|Posted by DavidStrickland at Aug 27, 2010 6:22:34 AM|
Re: 5 years and it still won't compile.
Thanks for replying.
As for the Format being Documented in the source code. I've seen this statement before on the forums concerning the Module format. The source Code is written in a "language" designed to communication a set of instructions not intentions or information. Though intentions or information can be extracted from the instructions it's like saying your New Car's Owner Manual is documented in Service-Centers Repair Manual. I assume OSK understood as much when he remarked that it is currently "Undocumented". It also seems that this concept is understood in the application as well as there is an extensive amount of English language documentation for it. Though it could simply be said that users should read the source if they wanted to understand the application.
As for the fact that it might change that is obvious anything in software development might change at any time if we all stopped coding on anything that might change we'd never have anything but Dos apps. It isn't a question of if it will change but how likely that change is. If a breaking change is made to the format so drastic as to make all documentation of the Format obsolete the subsequent required Changes to Libsword and Jsword would very likely make any apps built on them obsolete as well. Not to mention that every module would need to be re compiled to the format and all third party modules would need to be recompiled as well. Such a change would take years to implement and dual support within the Instructions would be mandatory for years to come.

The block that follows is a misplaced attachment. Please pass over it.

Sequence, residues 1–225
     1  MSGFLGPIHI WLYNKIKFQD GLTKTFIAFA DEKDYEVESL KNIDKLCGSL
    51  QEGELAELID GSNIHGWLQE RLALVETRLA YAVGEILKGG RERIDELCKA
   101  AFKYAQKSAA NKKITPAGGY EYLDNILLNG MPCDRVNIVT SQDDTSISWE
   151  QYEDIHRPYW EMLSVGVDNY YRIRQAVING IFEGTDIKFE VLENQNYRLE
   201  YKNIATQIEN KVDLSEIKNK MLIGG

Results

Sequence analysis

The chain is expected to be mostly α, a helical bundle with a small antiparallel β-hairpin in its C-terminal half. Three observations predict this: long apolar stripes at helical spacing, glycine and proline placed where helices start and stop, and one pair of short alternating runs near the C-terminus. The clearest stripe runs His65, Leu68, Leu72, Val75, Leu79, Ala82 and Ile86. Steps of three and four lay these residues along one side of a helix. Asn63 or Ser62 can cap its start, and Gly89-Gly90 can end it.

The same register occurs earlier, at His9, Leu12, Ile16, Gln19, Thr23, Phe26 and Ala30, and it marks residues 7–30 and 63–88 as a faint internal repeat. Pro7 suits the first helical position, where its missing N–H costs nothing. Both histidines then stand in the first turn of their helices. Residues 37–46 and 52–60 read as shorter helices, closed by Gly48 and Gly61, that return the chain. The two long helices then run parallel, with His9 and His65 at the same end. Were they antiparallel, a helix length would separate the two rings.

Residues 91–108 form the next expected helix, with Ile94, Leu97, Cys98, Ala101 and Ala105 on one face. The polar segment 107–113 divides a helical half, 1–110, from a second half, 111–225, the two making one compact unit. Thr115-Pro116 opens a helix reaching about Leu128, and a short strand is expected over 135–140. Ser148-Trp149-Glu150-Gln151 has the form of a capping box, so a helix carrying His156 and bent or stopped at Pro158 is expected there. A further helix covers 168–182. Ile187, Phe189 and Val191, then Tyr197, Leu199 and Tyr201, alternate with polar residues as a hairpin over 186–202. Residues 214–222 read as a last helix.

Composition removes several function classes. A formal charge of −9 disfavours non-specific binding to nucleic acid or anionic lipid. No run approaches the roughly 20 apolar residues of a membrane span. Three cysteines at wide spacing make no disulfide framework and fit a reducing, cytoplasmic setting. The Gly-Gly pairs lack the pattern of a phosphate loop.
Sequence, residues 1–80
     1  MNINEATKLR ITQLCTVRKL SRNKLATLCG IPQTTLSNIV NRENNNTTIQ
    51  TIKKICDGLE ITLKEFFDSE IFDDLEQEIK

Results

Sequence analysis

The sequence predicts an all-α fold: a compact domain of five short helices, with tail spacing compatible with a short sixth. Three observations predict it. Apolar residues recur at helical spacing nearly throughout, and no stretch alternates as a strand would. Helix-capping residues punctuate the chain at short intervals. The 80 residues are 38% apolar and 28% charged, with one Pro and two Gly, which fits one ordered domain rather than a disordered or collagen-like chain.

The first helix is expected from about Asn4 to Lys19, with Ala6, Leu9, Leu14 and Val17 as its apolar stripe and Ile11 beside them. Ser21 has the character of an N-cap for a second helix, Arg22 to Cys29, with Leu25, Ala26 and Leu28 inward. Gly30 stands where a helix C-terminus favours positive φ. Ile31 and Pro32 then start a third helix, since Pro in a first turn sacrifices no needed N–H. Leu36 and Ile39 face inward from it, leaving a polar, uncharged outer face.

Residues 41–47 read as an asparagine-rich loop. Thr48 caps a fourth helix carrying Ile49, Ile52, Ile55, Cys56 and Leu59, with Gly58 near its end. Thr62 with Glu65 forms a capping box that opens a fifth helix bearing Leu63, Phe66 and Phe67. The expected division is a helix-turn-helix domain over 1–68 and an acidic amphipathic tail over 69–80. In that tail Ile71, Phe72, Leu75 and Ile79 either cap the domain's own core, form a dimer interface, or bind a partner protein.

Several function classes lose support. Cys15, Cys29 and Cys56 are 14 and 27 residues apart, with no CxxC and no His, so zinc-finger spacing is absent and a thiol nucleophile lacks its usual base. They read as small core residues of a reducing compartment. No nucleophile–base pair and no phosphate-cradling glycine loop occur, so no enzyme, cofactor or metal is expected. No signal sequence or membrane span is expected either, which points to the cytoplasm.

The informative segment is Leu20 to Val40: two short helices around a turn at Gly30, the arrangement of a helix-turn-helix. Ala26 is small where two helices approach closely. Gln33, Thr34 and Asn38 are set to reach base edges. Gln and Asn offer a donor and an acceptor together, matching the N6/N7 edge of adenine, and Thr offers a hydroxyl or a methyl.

From the hostility this issue seems to get and the initial review I've done of the Modules format I suspect there is another motivation behind the module formats lack of documentation. It appears that the security of the modules is wrapped around the ability to decompress the data. It may not be very difficult for a crack app to be written that would unlock any locked module. Though such an application would not violate the GPL the project is released under it could be used to violate the copyright of every publisher that has placed their trust in The Sword Project. Such an application or even the awareness of it potential would undermine the projects ability to get new bible versions or other books released.
If such a security flaw exists discouraging others from finding it is no protection against it's inevitable exploitation. If such a flaw does not exist the only way to prove it is to document the modules structure. I find it surprising that such documentation doesn't exist since any publisher wanting to ensure their intellectual property is adequately protected would require documentation explaining the format their property would be distributed in and the exact measures used to protect it before placing their faith in The Sword Project or any other distributor.
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Sep 16, 2014 6:37:23 PM